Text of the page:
Brand any film a comedy and, for the first couple of shows at least, you’ve got the crowds beating the doors down. Then the queue at the ticket counter starts to notice that the people emerging from the theater look pained and weary. Soon the excitement dies down, and another exercise in marketing has run its course. We wouldn’t say don’t watch Donga Dongadi. We’d say: watch it if you absolutely must but maybe it’s better on the whole if you didn’t. That’s diplomacy, that's what that is.
Launching another member of a filmi family is this three-hour-long story that manages to play out the basic boy-and-girl-think-they-hate-each-other-but-really-they-don’t theme for a good long while. Till the end, in fact. There’s no real plot to go by but what transpires is an endless episode of getting even.
Vasu (Manchu Manoj Kumar) and his friends – Sunil et al – make a strong case for birth control as they go through their entire life trying to look up skirts. This is a time-consuming occupation and leaves them with no energy to do anything productive. But one day Vasu meets his match (Sadaf). You know she’s his match because she gets to do a little dance in the fields at the start of the film. Also, she regularly calls him ee-diot. Cupid has struck.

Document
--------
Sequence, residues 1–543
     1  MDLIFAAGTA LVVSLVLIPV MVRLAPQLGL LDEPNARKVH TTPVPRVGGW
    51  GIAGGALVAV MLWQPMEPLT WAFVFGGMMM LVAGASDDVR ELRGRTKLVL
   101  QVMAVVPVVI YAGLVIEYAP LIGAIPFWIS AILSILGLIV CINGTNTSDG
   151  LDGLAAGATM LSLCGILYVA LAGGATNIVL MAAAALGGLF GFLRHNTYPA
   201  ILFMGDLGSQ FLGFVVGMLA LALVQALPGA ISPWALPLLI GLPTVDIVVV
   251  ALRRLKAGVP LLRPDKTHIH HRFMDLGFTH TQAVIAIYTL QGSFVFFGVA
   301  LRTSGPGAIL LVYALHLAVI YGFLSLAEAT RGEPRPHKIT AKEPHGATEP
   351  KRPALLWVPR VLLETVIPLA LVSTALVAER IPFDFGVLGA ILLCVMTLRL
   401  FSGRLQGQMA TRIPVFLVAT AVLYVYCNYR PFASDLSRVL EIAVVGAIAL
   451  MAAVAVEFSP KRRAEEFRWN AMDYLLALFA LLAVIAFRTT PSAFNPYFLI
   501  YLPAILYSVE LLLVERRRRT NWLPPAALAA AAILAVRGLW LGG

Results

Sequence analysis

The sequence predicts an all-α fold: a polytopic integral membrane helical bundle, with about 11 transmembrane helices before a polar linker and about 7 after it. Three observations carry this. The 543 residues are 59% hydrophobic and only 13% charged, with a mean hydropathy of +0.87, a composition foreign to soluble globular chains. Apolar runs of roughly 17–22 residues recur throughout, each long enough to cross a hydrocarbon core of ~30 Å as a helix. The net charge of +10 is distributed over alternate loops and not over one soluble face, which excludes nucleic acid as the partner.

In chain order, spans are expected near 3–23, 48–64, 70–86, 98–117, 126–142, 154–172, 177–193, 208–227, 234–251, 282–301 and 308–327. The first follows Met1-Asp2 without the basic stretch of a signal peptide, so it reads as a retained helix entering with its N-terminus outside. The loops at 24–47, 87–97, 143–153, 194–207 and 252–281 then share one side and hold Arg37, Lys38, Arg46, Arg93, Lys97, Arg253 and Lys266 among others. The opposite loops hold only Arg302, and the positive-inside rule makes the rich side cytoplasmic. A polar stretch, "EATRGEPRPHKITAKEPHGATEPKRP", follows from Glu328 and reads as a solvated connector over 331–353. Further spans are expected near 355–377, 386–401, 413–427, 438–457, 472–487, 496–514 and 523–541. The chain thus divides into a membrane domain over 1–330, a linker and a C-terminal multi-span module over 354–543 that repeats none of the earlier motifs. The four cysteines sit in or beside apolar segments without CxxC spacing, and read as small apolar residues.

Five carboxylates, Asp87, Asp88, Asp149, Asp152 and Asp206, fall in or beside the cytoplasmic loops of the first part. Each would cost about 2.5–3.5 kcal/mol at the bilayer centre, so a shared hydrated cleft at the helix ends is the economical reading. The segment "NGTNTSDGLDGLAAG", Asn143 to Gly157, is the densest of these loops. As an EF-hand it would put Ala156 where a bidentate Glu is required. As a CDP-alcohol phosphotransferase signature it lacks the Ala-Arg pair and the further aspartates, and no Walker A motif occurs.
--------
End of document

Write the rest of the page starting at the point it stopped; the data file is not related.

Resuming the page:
The two of them can’t stand each other, but in her case perhaps that’s understandable as he causes her bike to crash into an auto. While she was on it. When she regains consciousness she gets really mad at him. He also gets mad because he’s had to foot half the hospital bill. So they fight a lot and he calls her father names and she calls his father names. Ah, the ways of young love.
The interval comes and goes and those two are still at it. Vasu escapes to Vizag to clean up his act and prove to his father that he’s not a complete loser. He doesn’t seem to do much in this direction, but at the end of the movie his father is convinced, so that should be good enough for us.
Donga Dongadi does very little apart from letting you watch boy and girl bicker pointlessly. Maybe they were going for cute, but they really pushed it. Towards the end there’s some attempt at a climax when the girl declares her undying love and the boy tells her to shove it. He does this because he doesn’t know whether his father will approve of her, and he doesn’t want to cause his family any more pain. Barf, barf.
Both Sadaf and Manoj Kumar are fair, but they don’t have much to go on with. A little more substance would have been good. It might have saved Donga Dongadi from being what it is: a lovers’ squabble with no end in sight.